Publication - Strategy/plan

Hydrogen action plan: draft

Our draft Hydrogen Action Plan articulates the actions that will be taken over the next five years to support the development of a hydrogen economy to further our efforts to reduce greenhouse gas emissions from Scotland’s energy system while ensuring a just transition.

Hydrogen action plan: draft
Introduction

Introduction

Scotland was amongst the first countries in the World to declare a climate emergency and we understand the urgency of moving our economy and society to generating net zero greenhouse gas emissions.

Our world-leading climate change targets, to achieve net zero greenhouse gas emissions by 2045 and a 75% reduction by 2030, against the 1990 baseline, mean that across our economy we will need to move at an unprecedented pace to deliver the innovation, investment, regulation and the market environment that will enable the required step change towards net zero.

Hydrogen could be an important tool to help lower our greenhouse gas emissions and to minimise our impacts on the climate. The sixth Carbon Budget Report from the Committee on Climate Change suggests that hydrogen production will scale up to 90TWh hours by 2035 – that is nearly a third of the size of the current power sector in the UK.

Hydrogen Economy in Scotland

Whole Systems
Environmental; regulation; public perceptions

Production
Offshore and onshore production; commercial scale

Distribution
Export infrastructure; shipping; pipelines; ammonia, LOHC

Storage
Geological; repurposing of O&G infrastructure

Trade
Export potential; international co-operation; climate leadership

Use in Buildings
Blending; 100% Green; commercial

Use in Industry
early industrial decarbonisation; synthetic fuels

Use in Transport
Buses; trains; shipping; aviation; freight

Hydrogen Production Definitions

Renewable hydrogen is produced using renewable electricity and is zero carbon.

Low-carbon hydrogen is produced by reforming natural gas in conjunction with carbon capture and storage and is very low-carbon.

Biomass gasification with CCS for the production of hydrogen is a less developed negative emissions technology but nevertheless could become part of the energy mix.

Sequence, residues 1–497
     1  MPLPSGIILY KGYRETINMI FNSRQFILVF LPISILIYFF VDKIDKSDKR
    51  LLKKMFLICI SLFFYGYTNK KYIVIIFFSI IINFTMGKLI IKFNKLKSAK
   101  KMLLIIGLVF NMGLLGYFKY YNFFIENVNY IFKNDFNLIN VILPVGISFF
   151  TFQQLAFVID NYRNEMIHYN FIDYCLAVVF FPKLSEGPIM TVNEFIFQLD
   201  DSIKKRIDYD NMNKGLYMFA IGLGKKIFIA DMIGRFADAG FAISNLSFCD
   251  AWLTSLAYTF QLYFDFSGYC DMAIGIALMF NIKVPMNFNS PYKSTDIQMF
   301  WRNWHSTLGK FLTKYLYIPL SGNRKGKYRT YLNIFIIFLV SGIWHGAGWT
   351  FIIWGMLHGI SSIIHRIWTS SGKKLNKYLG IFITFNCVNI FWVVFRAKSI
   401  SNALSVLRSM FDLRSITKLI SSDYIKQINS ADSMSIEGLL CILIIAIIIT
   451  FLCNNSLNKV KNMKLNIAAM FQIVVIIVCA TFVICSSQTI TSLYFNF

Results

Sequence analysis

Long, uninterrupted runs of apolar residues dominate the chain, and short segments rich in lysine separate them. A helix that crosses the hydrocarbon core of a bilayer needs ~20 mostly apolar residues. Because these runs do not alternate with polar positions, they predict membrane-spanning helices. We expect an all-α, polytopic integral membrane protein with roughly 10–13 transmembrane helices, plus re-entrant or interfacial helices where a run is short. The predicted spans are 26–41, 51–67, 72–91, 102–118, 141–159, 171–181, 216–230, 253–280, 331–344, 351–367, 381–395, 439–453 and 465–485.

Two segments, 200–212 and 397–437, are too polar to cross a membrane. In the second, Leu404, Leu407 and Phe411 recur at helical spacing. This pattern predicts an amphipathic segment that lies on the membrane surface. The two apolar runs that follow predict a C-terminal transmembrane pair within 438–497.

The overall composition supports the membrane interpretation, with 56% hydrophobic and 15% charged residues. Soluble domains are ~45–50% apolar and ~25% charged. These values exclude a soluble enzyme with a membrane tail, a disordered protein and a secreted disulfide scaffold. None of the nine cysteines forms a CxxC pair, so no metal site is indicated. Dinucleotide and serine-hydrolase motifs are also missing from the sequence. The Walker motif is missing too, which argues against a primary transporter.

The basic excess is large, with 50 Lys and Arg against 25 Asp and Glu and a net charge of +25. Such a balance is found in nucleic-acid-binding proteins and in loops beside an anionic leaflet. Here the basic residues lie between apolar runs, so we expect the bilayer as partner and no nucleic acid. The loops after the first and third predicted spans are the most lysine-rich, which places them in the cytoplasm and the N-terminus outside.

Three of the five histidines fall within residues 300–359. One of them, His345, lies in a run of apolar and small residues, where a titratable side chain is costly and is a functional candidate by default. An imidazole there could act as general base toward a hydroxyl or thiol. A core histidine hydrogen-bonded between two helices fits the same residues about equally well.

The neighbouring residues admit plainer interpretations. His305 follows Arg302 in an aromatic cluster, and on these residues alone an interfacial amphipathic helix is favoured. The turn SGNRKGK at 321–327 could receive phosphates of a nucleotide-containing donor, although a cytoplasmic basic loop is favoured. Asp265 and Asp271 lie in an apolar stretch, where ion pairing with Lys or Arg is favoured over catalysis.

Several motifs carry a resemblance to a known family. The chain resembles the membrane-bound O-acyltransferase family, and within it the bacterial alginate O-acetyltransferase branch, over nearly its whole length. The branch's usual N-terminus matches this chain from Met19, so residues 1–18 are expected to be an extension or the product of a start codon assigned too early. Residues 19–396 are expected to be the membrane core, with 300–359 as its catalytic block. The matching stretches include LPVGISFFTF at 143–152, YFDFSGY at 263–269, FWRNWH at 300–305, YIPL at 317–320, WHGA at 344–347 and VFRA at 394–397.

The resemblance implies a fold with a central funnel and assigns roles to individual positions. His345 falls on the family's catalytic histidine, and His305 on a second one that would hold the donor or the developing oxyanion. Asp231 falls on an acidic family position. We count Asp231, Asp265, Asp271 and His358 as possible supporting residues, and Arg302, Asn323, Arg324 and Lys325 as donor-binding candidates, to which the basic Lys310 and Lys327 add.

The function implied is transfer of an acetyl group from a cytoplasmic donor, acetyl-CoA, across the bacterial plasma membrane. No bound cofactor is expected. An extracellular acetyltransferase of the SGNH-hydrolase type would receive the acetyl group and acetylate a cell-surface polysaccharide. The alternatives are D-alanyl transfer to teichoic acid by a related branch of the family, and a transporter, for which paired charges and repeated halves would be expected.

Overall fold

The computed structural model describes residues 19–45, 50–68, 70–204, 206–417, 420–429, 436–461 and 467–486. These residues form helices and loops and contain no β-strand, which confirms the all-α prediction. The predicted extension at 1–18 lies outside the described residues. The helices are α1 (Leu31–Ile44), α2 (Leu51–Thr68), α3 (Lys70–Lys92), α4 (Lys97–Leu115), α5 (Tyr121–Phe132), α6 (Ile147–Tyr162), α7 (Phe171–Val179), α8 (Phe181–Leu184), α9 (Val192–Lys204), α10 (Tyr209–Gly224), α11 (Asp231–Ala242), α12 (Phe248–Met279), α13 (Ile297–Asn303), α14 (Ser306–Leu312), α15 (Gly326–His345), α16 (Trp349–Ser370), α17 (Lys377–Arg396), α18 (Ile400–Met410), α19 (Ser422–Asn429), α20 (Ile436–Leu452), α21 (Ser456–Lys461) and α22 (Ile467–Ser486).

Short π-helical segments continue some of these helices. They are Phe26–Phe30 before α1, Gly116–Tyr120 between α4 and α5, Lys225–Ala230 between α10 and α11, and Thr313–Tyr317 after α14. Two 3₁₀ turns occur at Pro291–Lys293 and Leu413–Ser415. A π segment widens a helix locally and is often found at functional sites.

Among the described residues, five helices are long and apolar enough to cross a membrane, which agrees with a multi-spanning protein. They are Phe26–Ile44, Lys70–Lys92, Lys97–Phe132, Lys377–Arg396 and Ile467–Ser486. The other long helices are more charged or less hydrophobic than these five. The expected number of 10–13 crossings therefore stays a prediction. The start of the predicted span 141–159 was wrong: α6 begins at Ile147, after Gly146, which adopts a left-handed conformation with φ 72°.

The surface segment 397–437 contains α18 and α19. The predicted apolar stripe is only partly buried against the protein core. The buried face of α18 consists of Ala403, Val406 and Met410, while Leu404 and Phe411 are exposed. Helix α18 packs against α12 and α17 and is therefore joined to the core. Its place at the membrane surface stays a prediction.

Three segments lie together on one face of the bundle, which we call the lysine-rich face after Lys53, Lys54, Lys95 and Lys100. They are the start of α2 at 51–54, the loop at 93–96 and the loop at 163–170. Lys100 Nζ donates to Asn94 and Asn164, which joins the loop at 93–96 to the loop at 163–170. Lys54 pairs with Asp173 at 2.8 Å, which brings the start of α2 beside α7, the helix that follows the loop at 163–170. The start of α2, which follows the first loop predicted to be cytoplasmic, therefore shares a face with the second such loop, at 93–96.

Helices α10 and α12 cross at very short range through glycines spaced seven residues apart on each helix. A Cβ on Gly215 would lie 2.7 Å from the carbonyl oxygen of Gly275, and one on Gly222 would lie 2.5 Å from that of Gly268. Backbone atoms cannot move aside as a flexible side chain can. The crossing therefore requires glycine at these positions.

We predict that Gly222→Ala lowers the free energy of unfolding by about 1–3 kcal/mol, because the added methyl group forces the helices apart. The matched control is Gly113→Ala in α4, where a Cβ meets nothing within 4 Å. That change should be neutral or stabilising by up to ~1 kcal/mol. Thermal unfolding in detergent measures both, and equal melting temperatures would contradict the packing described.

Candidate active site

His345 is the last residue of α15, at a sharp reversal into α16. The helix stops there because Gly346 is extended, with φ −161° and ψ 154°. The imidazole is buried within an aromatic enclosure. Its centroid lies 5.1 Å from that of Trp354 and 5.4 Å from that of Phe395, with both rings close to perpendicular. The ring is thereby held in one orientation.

Unabated Hydrogen is produced from the reforming of natural gas. This process produces both hydrogen and carbon dioxide which is emitted to the atmosphere.

We believe that producing renewable and low-carbon[1] hydrogen at scale and showing that it can be used to meet challenging energy demands from difficult-to-decarbonise sectors will be a key part of the next stage of Scotland's energy transition pathway.

Hydrogen provides a sustainable alternative to burning fossil fuels and can be used to decarbonise many parts of our economy, including: industry, transport, power and heat. In the transport sector, for example, hydrogen can provide the zero-carbon energy-dense fuels required to help decarbonise key parts of the sector, such as larger vehicles with heavy duty cycles including lorries and buses, agricultural vehicles, trains, marine vessels and aviation. Transported through the gas grid it can help decarbonise our heat demand at home and in our commercial premises. Also, for energy-intensive industry, switching to renewable and low-carbon hydrogen is considered one of the few viable options for significant decarbonisation in the next decade.

We are exploring the role of hydrogen in an integrated system to better understand the opportunities hydrogen presents to deliver large scale and long-term energy storage for the energy system, and the potential to replace or augment the critical balancing and resilience services that natural gas storage provides to the energy system today. Hydrogen could play a wider role in our journey to a zero-carbon electricity system both through the production of renewable hydrogen from our huge renewable resource when demand for power is low, as well as the potential for hydrogen turbines to meet demand and provide valuable system services – replicating the function currently provided by fossil fuel-powered gas and diesel generators.

We will take a regional approach to our support for the development of the hydrogen economy in Scotland to recognise the different natural assets, skills and potential applications for hydrogen across different geographic areas of Scotland. Hydrogen may play a key role in decarbonising our industrial clusters, supporting the just transition of the workforce in high carbon sectors in the North East of Scotland, and provide opportunities for our islands and rural communities to maximise the benefit of their vast access to renewable resources. A key focus of this action plan will be to support the development of Regional Hydrogen Energy Hubs, described in more detail in Section 1, that will help to deliver the benefits of hydrogen in each of these regions.

We recognise that there are a number of challenges to realising the potential of hydrogen in our energy transition and the size of global markets, including the high cost of hydrogen production in comparison to high carbon fuels. There is significant potential for long-term cost reduction through innovation, economies of scale and access to low-cost renewable electricity; however, the scale of hydrogen's role in our energy system will ultimately depend on a number of factors including its cost relative to its alternatives. We will build on existing research to establish an expected cost trajectory for hydrogen produced in Scotland.